These two tech stocks could be the biggest winners despite an ‘ugly’ earnings season

Finance news

A moment of truth is coming for the world’s biggest technology companies.

They are starting to report first quarter results as the coronavirus shutdowns slam into the markets.

But tech analyst Gene Munster expects a couple of widely held names to weather the storm and emerge as big winners: Apple and Tesla.

“Investors will have this flight to quality,” the Loup Ventures founder and managing partner  told CNBC’s “Trading Nation” on Tuesday. 

According to Munster, Apple’s longer-term investors will benefit from advancements in 5G, content, software services, wellness and augmented reality. However, he warns they’ll first have to cope with next Thursday’s challenged quarterly results.

“The company has more exposure than any tech company in China,” he added.

In Tesla’s case, Munster sees the electric auto maker, which reports next Wednesday, maintaining its attractiveness among consumers.

“What investors will largely leave the Tesla earnings call with is this understanding about the significance of the market share gained,” he said. “To put it in perspective, in the March quarter, Tesla grew their deliveries by 40%, and the overall auto industry was down by 30%, at least in the U.S..”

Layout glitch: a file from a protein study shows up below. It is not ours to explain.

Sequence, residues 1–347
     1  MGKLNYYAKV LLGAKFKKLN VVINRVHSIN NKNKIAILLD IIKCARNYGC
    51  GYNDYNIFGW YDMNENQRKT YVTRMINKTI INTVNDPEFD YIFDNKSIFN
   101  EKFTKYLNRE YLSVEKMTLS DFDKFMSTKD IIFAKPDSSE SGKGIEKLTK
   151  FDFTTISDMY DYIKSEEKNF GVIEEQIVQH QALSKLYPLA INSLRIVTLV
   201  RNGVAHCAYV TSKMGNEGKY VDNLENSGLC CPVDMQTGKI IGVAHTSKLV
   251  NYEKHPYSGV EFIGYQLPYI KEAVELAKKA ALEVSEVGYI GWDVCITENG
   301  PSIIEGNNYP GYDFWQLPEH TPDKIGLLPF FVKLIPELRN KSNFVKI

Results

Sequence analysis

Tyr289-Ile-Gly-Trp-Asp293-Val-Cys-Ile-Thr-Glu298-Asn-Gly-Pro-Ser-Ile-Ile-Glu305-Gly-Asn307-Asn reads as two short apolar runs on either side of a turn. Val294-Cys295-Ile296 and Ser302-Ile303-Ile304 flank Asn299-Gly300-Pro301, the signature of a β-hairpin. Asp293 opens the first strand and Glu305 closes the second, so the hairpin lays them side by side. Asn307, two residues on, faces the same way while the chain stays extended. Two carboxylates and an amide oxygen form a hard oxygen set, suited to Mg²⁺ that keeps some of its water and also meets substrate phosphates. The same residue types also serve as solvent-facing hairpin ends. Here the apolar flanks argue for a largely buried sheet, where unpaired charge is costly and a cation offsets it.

So far this year, Apple stock performance is tracking the tech-heavy Nasdaq, down about 8%. However, Tesla is outperforming the index. It’s soaring 67% in 2020.

‘It’s going to be ugly’

Overall, Munster believes earnings season will be worse than investors think particularly for two of the FAANG names. 

He warns Facebook and Google parent Alphabet are super vulnerable due to the coronavirus’ impact on advertising sales.

“It’s going to be ugly,” he said. 

Munster suggests the biggest wildcard will be how companies plan to return to growth.

“It’s going to be less about the reported numbers and more about the commentary,” Munster said. “Apple’s earnings loss is going to be negative relative to expectations for the margin and the guidance for June. But the companies that are making those investments, the companies that are talking about retaining their product expectations… are the ones who ultimately are going to do better.”